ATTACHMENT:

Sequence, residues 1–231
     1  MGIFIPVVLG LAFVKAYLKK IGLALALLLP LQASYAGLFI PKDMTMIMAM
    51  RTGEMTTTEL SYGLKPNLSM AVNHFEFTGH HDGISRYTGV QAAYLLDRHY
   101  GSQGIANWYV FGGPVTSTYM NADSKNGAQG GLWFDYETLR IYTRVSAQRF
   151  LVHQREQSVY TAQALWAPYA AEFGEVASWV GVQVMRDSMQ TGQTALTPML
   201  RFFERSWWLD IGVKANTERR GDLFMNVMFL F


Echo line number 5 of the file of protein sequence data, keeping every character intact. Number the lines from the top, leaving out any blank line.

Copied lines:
   151  LVHQREQSVY TAQALWAPYA AEFGEVASWV GVQVMRDSMQ TGQTALTPML